The 892-page second edition of Stories with Intent: A Comprehensive Guide to the Parables of Jesus by Klyne R. Snodgrass (Eerdmans) has been released, ten years after its initial appearance. For preachers of the parables who have not already acquired this book, beg, borrow, or fill out your Christmas list to get your copy. This was an award-winner when it first appeared, and its value has not decreased. After two informative introductory chapters discussing the nature of parables and their existence in the ancient world, each of Jesus’ parables receives full commentary treatment. After prodding and probing the parable from a number of different angles, he concludes the discussion of each with a section he calls “Adapting the Parable” where he attempts to discern the meaning of the parable for the contemporary church. Even preachers who disagree with his conclusions will find Snodgrass to be an indispensable instructor in hearing “the voice of Jesus” in the parables.
In Jesus the God-Man: The Unity and Diversity of the Gospel Portrayals (Baker Academic) Darrell Bock and Benjamin Simpson have carefully investigated the Gospels (divided into Synoptics & John) to see how each one tells us who Jesus is. Written as an update and rework of the final section of Bock’s prodigious Jesus According to Scripture, they hope to clearly communicate Jesus’ personality, His mission, and His message. Preachers intending to preach through any of the Gospels will find this relatively brief book to be an able assistant in gaining a fresh perspective on the Jesus of the Gospels as both a teacher of wise living and a preacher of a coming kingdom.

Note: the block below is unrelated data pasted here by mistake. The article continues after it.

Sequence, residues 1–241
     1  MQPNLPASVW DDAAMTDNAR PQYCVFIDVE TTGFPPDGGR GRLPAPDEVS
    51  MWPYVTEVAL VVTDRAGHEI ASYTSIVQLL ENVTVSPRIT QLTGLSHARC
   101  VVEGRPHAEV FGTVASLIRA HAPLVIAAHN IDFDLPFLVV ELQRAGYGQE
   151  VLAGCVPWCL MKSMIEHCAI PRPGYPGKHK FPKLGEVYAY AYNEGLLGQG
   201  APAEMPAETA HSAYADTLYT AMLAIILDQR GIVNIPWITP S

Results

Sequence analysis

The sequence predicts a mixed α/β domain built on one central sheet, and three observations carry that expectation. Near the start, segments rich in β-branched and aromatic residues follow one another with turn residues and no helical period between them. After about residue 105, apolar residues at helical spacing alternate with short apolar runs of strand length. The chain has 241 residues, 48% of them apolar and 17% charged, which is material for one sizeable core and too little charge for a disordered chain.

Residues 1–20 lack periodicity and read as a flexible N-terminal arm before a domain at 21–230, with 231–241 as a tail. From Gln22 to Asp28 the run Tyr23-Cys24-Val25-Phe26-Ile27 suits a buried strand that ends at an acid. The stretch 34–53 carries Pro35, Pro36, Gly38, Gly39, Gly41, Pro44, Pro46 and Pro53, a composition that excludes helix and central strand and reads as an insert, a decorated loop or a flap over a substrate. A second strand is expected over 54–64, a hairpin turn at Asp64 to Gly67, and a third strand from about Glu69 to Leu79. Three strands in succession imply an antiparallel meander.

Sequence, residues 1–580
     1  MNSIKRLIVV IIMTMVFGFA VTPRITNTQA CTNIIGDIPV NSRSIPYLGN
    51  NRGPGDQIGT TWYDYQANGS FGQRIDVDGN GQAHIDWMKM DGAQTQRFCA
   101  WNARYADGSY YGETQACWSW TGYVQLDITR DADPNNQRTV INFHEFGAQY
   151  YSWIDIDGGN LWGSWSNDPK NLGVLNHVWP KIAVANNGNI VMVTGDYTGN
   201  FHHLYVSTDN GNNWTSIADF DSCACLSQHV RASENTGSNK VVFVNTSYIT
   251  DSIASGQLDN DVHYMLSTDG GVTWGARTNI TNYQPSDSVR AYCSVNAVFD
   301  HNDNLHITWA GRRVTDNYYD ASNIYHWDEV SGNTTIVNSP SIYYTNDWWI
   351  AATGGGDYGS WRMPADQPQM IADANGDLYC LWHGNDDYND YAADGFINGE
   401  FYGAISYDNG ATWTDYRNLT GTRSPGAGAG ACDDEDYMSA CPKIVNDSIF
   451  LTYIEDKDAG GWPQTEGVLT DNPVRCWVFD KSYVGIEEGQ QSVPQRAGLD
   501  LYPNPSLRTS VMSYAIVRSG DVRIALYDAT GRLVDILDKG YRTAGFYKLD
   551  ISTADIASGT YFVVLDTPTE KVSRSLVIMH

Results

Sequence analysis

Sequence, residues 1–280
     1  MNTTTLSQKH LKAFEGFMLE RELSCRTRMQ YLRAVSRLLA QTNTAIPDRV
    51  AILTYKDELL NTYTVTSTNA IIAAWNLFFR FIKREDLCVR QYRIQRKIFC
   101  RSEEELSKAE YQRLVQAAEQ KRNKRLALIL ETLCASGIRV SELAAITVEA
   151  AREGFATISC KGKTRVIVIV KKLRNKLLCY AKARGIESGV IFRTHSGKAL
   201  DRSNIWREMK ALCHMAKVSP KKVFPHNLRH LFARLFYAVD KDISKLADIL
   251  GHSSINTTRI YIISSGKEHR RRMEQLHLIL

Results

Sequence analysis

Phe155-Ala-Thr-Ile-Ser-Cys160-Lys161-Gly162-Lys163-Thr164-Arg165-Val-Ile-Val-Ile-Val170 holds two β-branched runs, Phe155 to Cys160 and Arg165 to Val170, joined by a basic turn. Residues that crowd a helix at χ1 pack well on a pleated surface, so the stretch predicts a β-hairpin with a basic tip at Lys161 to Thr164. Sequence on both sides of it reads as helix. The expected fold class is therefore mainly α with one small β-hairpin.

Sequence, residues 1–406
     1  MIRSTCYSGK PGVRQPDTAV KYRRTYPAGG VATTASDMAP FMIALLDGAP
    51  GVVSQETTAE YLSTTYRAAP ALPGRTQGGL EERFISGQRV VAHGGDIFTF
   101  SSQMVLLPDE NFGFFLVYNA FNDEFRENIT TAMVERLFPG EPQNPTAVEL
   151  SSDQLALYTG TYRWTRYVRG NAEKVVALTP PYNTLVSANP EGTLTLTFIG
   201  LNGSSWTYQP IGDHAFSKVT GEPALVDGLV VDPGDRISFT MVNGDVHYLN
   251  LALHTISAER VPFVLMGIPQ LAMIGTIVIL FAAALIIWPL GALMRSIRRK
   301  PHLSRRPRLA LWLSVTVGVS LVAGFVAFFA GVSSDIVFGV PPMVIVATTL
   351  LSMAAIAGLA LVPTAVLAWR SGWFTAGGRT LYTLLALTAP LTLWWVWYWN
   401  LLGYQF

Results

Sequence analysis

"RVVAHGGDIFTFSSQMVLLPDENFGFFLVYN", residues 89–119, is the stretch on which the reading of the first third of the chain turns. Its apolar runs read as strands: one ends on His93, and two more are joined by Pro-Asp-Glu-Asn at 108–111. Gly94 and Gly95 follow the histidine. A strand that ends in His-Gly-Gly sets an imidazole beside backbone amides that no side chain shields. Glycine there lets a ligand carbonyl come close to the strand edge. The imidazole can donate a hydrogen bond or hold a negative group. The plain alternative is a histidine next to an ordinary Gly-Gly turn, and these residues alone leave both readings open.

Patristic scholar D.H. Williams has provided a superbly edited collection of comments on Matthew from Bible scholars of the early church, ranging from Ambrose to Victorinus (The Church’s Bible, Eerdmans). Readers accustomed to the brief excerpts provided by similar series will be pleased to see the fulsome space afforded to the individual commentators.
Matthew by Rodney Reeves (Story of God Commentary, Zondervan), in keeping with this series, covers the big picture rather than mining details, which he accomplishes magnificently. His natural literary reading helps his audience see each portion of the story in light of the whole of the history of redemption, yielding rich theological insight. Preachers will find this one to be especially helpful.